Hackers are targeting Steam credentials using a new phishing technique called ‘Browser–in–the–Browser’ (BitB), according to new data by security researchers at Group–IB.
Unlike traditional phishing resources, which open phishing webpages in a new tab (or redirect users to them), this type of resource opens a fake browser window in the same tab in order to convince users that it is legitimate.
Data entered by users via the malicious forms is sent to the threat actors and automatically entered on the legitimate resource. If the data is incorrect, victims see an error message.
In cases where two–factor authentication (2FA) is enabled, the resource returns a code request. The code is created using a separate program, which sends a push notification to the user’s device.
The Group–IB’s technical write–up is now describing a Browser–in–the–Browser campaign aimed at gaining Steam credentials and then selling access to those accounts.
“A researcher with the moniker mr.d0x was the first to describe this phishing technique, in Spring 2022,” reads the advisory. “Threat actors decided to take advantage of the fact that Steam uses a pop–up window for user authentication instead of a new tab.”
According to the advisory, threat actors sent messages to victims offering various appealing offers to lure them to a bait webpage that contains a login button.
Further, Group–IB noted how almost any button on bait web pages opened an account data entry form mimicking a legitimate Steam window.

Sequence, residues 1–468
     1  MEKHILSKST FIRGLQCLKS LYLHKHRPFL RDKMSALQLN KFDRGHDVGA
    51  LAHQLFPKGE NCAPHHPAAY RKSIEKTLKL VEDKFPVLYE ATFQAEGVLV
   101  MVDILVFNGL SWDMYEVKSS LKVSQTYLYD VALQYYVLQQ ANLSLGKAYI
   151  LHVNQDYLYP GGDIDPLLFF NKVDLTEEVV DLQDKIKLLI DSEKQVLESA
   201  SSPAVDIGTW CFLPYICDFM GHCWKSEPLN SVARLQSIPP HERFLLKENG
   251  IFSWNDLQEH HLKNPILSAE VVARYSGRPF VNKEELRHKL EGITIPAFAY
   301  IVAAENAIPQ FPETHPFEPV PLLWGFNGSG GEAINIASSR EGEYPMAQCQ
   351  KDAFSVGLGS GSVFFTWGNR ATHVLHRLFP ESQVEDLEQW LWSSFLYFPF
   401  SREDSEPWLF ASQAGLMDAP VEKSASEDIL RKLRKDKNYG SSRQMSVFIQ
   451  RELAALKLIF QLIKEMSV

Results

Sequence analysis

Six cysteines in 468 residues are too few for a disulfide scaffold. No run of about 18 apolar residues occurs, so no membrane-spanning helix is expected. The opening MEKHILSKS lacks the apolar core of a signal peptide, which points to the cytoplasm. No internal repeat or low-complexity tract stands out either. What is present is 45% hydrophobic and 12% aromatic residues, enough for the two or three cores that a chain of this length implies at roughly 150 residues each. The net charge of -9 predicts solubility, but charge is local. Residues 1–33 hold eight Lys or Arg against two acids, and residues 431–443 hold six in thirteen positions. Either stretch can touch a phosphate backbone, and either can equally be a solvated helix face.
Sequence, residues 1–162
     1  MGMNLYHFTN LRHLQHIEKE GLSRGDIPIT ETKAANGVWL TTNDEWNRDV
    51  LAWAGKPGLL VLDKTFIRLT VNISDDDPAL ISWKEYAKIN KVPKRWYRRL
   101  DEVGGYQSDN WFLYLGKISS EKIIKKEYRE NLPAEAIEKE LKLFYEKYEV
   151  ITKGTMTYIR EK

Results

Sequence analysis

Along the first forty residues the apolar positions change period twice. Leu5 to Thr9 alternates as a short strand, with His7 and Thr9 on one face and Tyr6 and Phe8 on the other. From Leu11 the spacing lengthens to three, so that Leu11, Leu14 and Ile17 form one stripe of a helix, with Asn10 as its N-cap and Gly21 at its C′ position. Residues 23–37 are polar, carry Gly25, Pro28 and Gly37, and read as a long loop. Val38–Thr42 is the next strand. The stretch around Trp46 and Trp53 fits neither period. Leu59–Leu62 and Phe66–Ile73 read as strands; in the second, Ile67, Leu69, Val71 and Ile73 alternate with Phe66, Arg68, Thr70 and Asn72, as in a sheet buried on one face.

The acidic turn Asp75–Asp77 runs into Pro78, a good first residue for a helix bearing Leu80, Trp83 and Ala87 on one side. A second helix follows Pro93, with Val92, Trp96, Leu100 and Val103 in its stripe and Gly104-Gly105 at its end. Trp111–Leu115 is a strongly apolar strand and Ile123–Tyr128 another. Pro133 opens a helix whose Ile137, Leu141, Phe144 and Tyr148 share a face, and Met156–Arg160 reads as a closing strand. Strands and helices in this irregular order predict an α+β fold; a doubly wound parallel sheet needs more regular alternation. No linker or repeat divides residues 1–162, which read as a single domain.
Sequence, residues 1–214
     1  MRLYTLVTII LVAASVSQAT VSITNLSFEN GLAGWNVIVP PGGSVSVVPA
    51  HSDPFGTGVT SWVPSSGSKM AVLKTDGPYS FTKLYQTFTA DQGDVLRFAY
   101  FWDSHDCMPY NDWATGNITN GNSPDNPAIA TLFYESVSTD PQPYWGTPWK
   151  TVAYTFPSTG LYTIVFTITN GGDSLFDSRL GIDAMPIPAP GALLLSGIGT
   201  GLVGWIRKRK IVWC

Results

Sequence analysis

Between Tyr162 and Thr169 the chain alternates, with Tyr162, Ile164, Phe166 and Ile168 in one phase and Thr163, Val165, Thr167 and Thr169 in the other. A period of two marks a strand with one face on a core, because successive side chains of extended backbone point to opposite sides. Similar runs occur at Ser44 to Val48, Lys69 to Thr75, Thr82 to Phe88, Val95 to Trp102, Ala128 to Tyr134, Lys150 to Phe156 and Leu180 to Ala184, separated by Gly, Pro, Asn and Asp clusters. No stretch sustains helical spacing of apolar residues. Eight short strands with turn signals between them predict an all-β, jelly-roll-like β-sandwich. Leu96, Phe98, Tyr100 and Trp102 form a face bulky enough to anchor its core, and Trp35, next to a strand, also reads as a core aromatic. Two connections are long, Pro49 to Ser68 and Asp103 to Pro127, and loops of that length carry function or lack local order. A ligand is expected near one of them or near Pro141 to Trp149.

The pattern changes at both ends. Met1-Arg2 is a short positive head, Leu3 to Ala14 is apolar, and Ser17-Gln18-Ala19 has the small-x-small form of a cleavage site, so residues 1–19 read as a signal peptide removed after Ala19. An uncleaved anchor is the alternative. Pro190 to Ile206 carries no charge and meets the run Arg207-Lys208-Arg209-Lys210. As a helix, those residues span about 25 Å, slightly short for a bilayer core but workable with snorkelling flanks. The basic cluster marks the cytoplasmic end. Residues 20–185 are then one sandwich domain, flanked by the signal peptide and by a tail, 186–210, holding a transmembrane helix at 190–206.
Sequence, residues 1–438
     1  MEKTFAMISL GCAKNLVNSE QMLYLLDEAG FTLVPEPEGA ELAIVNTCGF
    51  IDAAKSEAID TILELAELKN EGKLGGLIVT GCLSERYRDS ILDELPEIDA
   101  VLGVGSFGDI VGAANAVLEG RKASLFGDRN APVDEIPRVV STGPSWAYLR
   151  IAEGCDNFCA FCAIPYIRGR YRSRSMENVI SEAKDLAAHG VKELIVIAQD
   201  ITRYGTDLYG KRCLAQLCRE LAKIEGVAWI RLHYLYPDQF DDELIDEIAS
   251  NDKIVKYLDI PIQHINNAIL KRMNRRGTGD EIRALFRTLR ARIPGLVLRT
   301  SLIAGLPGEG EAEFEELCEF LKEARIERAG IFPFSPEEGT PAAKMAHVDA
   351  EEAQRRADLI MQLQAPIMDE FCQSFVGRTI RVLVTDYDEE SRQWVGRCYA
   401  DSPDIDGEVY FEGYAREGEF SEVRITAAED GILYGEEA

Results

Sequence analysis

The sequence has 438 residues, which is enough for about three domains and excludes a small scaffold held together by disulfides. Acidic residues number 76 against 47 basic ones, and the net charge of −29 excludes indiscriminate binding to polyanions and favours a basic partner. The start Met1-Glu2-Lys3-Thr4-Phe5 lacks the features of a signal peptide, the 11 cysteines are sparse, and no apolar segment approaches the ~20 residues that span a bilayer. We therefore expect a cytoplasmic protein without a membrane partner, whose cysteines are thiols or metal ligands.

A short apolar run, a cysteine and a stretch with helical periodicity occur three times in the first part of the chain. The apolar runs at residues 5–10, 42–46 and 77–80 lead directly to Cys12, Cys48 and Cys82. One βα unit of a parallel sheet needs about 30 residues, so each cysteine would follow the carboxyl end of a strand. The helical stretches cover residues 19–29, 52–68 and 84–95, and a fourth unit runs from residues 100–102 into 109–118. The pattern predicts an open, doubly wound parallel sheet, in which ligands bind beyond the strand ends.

“It has a fake green lock sign, a fake URL field that can be copied, and even an additional Steam Guard window for two–factor authentication.”
More generally, Group–IB explained that the contents of BitB phishing pages are fully copied from legitimate ones. In many cases, they even include an alert about data being saved on a third-party resource.
“Phishing pages can have all buttons disabled except for login confirmation and language switching,” reads the advisory. “All 27 interface languages are fully functional, and the selection is identical to the one used on the legitimate page.”
Some of the Steam accounts stolen in these campaigns were reportedly valued between $100,000 and $300,000.
In the advisory, Group–IB also provided companies with recommendations on how to identify fake browser windows. These include comparing the header design and the address bar of the pop–up window, trying to resize the window (fake windows cannot be resized) and checking the functionality of the address bar.
The BitB–focused research comes amidst a substantial increase in cyber–attacks on the gaming industry. Case in point, a report published in August by cybersecurity firm Akamai suggested cyber–attacks in the gaming sector have increased by 167% in the last year.